ANEF modelling gives a forecast of aircraft noise exposure for a future year.
The results of ANEF modelling are drawn onto maps as noise exposure contours.ANEF maps show these contours displayed in 20, 25, 30, 35 and 40 ANEF units, with higher contour numbers representing larger cumulative amounts of aircraft noise over an average one-year period. The ANEF units are not decibel measurements - they are contours based on community reaction to aircraft noise.
Town Councils use the ANEF Maps that Defence publishes to apply the AS 2021:2015 Acoustics - Aircraft Noise Intrusion - Building Siting and Construction - Australian Government to determine if the site is suitable for residential, commercial or industrial development.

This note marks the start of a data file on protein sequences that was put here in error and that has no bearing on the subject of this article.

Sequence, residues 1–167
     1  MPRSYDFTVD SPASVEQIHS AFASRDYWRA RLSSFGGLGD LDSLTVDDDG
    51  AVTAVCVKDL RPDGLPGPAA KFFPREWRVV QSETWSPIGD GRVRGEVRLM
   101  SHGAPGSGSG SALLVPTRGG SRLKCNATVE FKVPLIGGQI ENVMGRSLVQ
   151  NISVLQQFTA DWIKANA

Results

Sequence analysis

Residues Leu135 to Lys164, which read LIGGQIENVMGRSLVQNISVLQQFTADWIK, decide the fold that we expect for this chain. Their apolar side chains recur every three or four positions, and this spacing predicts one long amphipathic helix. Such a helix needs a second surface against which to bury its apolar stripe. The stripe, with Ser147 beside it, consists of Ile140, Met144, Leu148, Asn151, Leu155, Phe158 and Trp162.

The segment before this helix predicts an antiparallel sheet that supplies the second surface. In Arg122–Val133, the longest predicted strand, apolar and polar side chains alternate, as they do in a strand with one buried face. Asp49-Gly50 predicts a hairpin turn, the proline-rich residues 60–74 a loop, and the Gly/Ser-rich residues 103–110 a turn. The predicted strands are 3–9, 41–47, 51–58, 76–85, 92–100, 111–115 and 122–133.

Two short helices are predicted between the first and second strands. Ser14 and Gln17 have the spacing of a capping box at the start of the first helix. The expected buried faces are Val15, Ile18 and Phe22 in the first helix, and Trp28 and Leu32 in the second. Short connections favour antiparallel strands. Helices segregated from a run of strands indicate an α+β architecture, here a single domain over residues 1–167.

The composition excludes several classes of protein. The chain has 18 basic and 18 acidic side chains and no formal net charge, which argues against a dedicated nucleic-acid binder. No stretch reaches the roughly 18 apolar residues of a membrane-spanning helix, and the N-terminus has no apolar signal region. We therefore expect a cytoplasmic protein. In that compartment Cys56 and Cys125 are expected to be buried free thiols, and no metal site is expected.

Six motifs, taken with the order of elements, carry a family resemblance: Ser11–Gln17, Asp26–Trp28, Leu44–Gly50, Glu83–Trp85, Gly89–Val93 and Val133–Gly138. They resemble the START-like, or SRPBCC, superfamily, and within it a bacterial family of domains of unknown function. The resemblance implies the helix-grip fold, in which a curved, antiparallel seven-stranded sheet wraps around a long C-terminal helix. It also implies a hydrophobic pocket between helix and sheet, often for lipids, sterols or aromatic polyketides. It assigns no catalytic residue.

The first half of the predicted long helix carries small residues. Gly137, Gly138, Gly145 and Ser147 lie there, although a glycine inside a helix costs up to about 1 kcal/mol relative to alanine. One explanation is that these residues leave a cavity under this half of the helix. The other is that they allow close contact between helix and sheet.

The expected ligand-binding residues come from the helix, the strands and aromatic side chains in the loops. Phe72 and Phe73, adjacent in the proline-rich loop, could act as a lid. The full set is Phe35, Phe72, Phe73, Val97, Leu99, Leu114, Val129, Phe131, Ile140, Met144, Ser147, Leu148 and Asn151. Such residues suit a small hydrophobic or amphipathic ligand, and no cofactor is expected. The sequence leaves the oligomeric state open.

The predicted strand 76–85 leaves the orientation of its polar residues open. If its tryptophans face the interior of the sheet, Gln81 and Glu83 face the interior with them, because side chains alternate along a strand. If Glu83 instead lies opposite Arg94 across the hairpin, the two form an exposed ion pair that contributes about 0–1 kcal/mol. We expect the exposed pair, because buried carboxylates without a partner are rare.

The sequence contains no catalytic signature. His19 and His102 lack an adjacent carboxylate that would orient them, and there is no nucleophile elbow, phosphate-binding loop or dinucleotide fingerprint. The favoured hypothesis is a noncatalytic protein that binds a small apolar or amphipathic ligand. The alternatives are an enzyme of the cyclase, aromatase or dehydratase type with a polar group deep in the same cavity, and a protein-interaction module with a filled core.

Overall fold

ANEF maps are used by local planning authorities (usually Town Councils) near military airfields and civilian airports to identify whether land is suitable for development. The higher the ANEF value the more likely it is that the Australian Standard will recommend that Councils avoid residential (housing) developments.
Defence opposes inappropriate development around our bases because it exposes new homeowners to aircraft noise, and may limit opportunities to mitigate against noise impacts in the future.
Review of Australian Standard AS2021:2015
In May 2013 Standards Australia announced a decision to review aspects of AS2021:2015. The scope consists of updating aircraft fleet details, reviewing the applicability of the standard to small airports and explaining the procedures to develop an ANEF.
Further information about the review is available from the Department of Infrastructure, Transport, Cities and Regional Development.